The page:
In recent years, we have seen a steady increase in the sale of digital products, including music, movies, video games and books. Obviously, as sales of products in digital form increase, the sale of the same in tangible form – CDs, DVDs and paper books – decreases.
Because we received MP3 players for the holiday and loaded up on music, recent figures indicate that the week after Christmas 2009 recorded the largest one-week sales of music downloads ever. Amazon’s Kindle eBook device remained a hot seller this past year as well, driving the sale of downloaded books to all-time highs.
As the sale of digital downloads increase, the resulting reduction in the sale of tangible products has far reaching implications for the state tax coffers and already-strained state budgets.
Currently, states can tax digital downloads under one of two approaches:
1. The state applies existing law and definitions to apply the tax. Included in this approach are Alabama, Arizona, Colorado, Indiana, Louisiana, Maine, New Mexico, Texas, Utah and West Virginia.
2. The state passed legislation explicitly applying sales tax to digital downloads. States passing specific legislation include Idaho, Kentucky, Nebraska, New Jersey, South Dakota, Tennessee, Vermont, Washington and Wisconsin.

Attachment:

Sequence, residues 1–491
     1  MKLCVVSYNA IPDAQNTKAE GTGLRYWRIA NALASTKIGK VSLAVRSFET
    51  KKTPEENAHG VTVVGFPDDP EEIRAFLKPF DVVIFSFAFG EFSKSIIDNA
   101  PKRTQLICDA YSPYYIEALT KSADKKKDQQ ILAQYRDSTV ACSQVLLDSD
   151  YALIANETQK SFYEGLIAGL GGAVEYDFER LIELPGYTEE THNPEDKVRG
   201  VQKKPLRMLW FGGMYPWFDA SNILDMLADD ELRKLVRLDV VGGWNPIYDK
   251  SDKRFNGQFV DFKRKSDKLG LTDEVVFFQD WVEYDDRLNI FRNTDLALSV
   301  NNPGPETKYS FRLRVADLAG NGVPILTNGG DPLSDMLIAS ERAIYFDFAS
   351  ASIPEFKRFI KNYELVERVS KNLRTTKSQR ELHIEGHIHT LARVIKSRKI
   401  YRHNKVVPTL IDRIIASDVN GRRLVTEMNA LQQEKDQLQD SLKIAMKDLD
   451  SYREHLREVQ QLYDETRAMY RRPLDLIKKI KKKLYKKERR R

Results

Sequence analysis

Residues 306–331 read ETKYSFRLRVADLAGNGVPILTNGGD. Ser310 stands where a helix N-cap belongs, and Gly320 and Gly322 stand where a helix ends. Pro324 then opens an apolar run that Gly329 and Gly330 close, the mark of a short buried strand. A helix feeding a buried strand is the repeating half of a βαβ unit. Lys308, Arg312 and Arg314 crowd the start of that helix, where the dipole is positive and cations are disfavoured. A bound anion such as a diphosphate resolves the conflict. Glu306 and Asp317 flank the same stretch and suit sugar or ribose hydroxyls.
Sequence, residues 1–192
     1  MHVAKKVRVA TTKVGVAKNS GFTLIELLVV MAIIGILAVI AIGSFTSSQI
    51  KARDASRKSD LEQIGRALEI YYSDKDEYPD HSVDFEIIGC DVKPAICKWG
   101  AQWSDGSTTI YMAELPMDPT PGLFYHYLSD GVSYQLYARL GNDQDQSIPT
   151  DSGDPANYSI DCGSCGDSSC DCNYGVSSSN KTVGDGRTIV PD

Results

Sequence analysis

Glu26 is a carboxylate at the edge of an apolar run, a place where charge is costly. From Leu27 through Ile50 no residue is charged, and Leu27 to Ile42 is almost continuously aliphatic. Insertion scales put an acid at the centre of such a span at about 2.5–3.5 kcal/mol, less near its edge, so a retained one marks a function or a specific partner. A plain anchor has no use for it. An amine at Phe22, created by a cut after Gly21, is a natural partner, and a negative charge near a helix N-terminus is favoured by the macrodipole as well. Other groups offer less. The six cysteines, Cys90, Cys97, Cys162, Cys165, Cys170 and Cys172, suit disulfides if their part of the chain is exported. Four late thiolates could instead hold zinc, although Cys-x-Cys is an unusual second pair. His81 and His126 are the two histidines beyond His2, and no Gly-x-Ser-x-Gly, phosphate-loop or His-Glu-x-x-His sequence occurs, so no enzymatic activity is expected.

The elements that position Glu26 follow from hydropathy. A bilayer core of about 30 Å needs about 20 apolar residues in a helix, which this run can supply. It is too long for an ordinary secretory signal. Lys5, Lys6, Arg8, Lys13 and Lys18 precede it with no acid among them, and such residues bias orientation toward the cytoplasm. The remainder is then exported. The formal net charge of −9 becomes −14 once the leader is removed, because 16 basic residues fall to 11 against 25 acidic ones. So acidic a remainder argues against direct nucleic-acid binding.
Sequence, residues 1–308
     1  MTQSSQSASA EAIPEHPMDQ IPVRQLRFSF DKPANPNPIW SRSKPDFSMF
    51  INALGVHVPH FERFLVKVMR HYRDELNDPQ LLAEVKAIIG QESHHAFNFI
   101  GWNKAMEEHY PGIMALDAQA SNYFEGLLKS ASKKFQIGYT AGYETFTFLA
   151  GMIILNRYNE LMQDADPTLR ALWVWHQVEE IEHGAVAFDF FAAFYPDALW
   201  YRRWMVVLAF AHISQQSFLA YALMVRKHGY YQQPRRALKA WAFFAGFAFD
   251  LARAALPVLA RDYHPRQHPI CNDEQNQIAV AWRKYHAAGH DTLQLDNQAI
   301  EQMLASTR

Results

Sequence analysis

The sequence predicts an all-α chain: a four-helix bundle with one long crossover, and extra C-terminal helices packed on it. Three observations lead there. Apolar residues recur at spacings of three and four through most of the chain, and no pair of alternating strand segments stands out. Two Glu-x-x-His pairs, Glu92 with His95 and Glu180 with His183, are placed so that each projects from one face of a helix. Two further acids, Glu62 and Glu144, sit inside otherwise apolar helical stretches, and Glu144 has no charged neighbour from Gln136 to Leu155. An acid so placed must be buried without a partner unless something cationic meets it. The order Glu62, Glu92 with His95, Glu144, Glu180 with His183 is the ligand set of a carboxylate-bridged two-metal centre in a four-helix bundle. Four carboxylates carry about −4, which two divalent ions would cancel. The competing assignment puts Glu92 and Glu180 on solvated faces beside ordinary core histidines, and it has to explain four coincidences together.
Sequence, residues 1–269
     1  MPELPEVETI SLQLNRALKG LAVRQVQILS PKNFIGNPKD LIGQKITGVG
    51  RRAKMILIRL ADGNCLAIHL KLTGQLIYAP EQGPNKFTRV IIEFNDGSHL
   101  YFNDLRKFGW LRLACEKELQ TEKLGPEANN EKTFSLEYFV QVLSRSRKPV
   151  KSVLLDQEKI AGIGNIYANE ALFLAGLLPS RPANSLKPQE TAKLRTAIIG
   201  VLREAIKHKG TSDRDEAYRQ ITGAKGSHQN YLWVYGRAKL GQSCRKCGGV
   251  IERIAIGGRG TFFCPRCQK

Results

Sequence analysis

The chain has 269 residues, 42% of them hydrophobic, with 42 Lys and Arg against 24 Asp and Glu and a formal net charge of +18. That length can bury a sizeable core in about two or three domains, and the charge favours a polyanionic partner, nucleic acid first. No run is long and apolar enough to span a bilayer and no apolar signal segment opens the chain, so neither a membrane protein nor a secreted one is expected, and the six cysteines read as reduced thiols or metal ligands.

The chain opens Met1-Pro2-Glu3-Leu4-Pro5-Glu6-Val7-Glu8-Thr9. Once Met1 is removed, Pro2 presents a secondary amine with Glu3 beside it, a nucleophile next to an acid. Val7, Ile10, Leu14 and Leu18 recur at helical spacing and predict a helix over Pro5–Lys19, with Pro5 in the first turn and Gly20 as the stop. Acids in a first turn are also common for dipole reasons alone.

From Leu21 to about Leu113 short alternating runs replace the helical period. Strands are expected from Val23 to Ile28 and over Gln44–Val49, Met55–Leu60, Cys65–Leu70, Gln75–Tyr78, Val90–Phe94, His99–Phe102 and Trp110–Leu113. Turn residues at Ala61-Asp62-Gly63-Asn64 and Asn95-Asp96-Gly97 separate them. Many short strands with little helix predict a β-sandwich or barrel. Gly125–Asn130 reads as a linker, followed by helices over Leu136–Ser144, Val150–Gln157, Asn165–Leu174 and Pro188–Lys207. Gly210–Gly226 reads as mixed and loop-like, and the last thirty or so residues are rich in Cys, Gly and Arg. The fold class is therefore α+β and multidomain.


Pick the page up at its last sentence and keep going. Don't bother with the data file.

Only North Dakota and Washington, D.C. have laws that expressly exempt the sale of digital downloads from sales tax.
Most notably missing from these lists are several of the largest states in terms of population, including California, Florida, Illinois, New Jersey, New York and Pennsylvania. However, these states and many others continue to face large budget deficits. The opportunity to add digital downloads to the tax base is likely to be given serious consideration by the various legislative bodies.
The Streamlined Sales Tax Project (SSTP), which includes 20 states as full members, recently spent significant time addressing the issue of digital downloads, mainly from the standpoint of trying to determine how to “define” them. Even though member states still have to pass legislation specifically addressing the taxation of digital downloads, they will walk away with a uniform definition.
As more and more consumers purchase goods and services over the Internet, state tax bases continue to erode, and the state of the economy continues to take a toll on state budgets, we will likely see many more states pass legislation to assess sales tax on digital downloads.
Pat McCown, CPA, is a partner in the State and Local Tax (SALT) practice for Lane Gorman Trubitt, LLP in Dallas, Texas. He has more than 15 years’ experience in multi-state tax planning, audit representation, refunds and consulting. His client includes manufacturing, oil and gas, transportation, high-tech, healthcare and telecom industries. Contact him at 214.461.1416 or email@example.com.